CGM impact – is A1C all there is?

This is Caleb…

Caleb started using the DexCom Seven Plus continuous glucose system in September. This week was his first endo appointment since starting, a tidy three months later. I had no apprehensions about this appointment. In fact, I expected us to be in and out quickly. We just needed an update to Caleb’s prescriptions in addition to the normal routine.

I was however curious to see what impact using DexCom had on Caleb’s A1C. His A1C results have always been strong and we seem to keep chugging along.

This quarter’s results were no different. His A1C was unchanged. I wasn’t necessarily expecting a change, but I am a numbers and measurements kind of person. Even if it went up, I could say we were dealing with lows better. We had introduced a significant enhancement to his diabetes care. It seemed odd not to have it reflected in “the number”. If there had been any measurable difference, then I could attribute it to CGM and thus justify its use. His A1C was not giving me that justification.

So why are we doing this?

My biggest reluctance to starting CGM was asking Caleb to endure more discomfort without realizing a tangible benefit. He would have to be poked. He would have to wear the transmitter and carry the receiver. He would be the one who would be interrupted by all the beeps and alarms. Of course this is all to improve his glucose control, but that’s not measurable to him. I would be able to rest a little easier at night. I would be less stressed when separated from him. I would be less anxious between finger sticks wondering what was going on inside him. It seemed he was making all the sacrifices and I was getting all the benefit. So it would be nice to have something to point to to say yes indeedy, this is worth it – look, your A1C shows it. There’s no doubt about it. This was the right thing to do. It’s all here in black and white.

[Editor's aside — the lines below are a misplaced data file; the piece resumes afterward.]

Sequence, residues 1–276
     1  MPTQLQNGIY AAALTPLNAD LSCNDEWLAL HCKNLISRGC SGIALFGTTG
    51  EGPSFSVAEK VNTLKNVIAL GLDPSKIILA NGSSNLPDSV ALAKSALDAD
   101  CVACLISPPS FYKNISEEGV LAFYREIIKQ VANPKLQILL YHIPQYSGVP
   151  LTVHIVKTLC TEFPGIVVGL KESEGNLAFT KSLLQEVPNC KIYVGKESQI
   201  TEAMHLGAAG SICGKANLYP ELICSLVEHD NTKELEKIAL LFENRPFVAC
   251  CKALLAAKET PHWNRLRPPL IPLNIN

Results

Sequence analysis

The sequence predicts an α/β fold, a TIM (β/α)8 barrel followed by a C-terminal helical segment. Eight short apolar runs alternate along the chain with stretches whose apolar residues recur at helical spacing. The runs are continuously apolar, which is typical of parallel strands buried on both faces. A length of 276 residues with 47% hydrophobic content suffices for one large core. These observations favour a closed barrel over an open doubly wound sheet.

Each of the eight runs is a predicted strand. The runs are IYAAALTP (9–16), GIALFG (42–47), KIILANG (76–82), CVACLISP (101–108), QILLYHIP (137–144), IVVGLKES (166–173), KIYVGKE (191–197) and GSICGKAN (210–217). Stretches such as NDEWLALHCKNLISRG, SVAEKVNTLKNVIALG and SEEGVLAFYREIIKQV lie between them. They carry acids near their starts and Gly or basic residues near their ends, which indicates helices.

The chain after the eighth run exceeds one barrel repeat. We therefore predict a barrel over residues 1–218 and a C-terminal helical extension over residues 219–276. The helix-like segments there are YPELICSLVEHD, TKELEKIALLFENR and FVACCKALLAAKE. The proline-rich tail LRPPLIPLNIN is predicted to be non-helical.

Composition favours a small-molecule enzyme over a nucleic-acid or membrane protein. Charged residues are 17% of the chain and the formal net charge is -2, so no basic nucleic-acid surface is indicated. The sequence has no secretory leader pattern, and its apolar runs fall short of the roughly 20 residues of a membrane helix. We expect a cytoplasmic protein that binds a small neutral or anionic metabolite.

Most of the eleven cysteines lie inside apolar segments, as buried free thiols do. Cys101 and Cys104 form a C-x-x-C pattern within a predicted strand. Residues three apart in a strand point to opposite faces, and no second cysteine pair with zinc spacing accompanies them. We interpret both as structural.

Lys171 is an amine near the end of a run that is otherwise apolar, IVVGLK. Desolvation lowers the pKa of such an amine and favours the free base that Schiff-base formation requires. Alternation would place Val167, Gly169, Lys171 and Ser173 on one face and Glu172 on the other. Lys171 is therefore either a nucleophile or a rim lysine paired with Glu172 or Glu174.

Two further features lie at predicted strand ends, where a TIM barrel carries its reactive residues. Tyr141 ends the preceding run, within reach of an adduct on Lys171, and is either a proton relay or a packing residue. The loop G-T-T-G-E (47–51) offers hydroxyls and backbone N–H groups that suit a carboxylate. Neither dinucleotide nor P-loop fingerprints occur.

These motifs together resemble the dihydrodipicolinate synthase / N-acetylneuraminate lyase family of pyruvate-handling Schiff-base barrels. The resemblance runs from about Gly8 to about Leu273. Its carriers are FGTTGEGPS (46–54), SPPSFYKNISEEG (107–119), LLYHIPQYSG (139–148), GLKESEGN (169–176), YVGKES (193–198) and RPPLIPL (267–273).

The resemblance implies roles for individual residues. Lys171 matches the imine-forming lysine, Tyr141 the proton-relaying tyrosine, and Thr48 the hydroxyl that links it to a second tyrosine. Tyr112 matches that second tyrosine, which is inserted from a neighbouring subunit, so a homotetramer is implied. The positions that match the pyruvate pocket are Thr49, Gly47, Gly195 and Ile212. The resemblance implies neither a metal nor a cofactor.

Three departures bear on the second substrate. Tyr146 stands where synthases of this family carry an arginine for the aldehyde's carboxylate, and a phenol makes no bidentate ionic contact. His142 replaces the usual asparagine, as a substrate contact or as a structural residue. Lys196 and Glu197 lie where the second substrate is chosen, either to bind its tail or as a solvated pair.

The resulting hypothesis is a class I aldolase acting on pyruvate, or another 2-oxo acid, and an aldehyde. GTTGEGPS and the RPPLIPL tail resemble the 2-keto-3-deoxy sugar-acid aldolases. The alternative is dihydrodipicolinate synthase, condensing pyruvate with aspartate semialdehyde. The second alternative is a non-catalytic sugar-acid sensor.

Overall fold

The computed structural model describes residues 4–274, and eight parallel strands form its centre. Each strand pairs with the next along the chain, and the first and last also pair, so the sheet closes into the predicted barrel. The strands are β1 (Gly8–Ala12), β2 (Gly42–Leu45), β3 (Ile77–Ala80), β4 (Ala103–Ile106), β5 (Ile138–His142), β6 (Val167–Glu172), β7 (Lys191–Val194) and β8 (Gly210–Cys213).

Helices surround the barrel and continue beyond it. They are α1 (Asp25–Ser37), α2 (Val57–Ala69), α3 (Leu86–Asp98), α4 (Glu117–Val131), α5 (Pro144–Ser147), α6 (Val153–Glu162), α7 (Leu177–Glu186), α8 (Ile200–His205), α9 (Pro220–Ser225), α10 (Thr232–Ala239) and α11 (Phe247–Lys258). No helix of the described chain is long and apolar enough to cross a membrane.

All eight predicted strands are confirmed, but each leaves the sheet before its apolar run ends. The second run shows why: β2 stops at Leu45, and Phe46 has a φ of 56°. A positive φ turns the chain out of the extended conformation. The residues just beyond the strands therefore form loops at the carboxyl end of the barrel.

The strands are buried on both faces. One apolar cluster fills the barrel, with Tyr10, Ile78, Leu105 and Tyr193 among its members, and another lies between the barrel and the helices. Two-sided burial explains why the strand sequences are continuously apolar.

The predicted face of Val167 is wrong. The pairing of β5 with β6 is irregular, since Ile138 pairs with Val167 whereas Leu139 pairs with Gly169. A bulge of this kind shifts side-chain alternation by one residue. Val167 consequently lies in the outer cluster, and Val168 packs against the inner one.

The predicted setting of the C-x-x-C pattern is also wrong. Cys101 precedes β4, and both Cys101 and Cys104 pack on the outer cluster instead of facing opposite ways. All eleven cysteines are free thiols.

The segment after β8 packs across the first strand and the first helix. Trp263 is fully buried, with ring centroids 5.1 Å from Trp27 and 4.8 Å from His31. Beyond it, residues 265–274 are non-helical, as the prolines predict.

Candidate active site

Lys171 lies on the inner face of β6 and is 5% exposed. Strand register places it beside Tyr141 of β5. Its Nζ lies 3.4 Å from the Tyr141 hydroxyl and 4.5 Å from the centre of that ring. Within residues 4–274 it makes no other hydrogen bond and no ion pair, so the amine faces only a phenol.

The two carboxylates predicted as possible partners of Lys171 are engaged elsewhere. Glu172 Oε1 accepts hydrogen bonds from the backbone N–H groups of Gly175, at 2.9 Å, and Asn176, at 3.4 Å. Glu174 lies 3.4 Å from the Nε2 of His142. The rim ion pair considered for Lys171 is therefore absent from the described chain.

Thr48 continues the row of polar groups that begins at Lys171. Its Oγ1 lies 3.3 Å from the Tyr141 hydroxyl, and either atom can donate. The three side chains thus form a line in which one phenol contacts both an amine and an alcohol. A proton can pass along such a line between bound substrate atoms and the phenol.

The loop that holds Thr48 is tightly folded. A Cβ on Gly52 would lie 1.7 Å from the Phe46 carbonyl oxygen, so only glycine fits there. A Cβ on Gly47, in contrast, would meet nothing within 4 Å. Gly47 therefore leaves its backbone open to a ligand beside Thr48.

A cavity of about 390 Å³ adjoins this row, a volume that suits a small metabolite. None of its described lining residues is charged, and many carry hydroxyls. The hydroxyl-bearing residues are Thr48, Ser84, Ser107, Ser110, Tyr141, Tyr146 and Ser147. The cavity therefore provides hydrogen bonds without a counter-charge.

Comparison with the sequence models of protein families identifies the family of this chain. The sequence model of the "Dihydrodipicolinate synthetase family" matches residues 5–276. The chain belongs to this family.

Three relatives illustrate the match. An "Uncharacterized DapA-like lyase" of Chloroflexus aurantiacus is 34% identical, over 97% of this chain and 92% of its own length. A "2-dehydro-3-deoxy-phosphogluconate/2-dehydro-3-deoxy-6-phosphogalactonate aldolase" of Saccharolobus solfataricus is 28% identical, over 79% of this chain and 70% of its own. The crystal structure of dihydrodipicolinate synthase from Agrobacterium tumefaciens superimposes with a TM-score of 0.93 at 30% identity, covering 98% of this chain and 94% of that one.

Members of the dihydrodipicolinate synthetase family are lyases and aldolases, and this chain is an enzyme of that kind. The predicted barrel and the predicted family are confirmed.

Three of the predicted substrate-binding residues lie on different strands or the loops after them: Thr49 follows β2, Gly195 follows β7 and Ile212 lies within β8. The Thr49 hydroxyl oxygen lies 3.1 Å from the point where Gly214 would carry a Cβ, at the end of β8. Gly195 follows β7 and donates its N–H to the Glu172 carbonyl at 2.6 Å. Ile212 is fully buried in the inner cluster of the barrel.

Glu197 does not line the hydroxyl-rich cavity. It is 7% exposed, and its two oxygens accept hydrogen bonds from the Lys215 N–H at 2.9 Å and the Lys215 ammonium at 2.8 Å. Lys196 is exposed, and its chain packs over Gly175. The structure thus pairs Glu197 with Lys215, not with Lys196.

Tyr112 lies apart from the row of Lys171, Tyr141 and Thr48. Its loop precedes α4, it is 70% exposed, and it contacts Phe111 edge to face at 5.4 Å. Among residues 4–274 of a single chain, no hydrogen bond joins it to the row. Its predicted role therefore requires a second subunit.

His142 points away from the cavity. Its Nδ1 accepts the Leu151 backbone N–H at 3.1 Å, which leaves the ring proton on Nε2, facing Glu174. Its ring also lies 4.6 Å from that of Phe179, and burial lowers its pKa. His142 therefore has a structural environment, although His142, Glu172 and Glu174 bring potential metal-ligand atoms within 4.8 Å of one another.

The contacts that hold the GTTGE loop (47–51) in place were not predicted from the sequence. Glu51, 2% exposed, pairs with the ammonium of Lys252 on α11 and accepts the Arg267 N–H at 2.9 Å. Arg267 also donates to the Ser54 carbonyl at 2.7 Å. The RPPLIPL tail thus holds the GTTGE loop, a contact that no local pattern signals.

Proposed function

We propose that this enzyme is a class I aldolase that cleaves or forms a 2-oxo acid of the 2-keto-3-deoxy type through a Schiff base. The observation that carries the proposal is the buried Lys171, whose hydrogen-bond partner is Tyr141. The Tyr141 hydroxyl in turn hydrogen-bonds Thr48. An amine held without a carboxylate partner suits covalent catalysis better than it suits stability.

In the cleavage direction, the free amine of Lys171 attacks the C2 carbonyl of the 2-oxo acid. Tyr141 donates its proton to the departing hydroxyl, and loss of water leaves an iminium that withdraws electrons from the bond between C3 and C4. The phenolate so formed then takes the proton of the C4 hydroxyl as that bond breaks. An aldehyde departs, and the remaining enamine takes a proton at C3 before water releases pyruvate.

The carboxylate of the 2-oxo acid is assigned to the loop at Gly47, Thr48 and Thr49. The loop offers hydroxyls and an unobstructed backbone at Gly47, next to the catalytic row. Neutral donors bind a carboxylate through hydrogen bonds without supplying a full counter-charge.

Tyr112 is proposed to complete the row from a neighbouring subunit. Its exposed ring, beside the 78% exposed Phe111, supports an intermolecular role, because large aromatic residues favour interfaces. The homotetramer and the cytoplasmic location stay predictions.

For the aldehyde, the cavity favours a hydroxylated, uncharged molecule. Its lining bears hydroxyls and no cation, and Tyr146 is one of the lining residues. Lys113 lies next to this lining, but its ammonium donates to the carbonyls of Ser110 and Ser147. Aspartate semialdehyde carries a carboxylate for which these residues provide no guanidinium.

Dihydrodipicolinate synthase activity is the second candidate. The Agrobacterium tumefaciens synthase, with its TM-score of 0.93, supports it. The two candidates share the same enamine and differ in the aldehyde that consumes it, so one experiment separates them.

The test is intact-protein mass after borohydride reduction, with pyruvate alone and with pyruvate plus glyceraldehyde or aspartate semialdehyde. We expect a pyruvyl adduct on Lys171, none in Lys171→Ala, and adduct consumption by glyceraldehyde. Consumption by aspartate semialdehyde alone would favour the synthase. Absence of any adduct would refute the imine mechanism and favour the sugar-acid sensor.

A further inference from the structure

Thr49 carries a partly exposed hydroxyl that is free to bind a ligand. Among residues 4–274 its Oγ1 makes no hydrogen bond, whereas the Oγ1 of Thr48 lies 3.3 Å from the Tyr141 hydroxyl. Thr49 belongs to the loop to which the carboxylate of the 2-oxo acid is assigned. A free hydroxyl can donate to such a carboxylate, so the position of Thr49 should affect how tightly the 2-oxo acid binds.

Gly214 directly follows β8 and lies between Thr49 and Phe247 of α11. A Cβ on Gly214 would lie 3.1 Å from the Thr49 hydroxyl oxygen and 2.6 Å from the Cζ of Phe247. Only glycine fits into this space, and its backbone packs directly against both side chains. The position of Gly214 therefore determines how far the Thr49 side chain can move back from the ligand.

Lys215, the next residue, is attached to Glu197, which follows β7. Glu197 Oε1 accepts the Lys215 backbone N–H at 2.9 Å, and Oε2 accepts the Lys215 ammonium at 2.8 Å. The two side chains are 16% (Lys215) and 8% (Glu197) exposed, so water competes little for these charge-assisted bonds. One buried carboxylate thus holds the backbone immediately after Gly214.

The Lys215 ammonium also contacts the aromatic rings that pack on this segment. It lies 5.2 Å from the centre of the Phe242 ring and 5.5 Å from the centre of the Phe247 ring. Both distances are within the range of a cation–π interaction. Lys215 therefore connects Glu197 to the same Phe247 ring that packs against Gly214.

That is not the case.

Caleb’s doctor explained that when you already have tight glucose control, CGM typically will not change your A1C result. However, the quality of that result is often improved. In other words, the average of your blood glucose is still the same, but you are avoiding the high highs and the low lows that cancel each other out. The peaks and valleys are more subtle. The A1C remains unchanged, but it’s still a “better” A1c.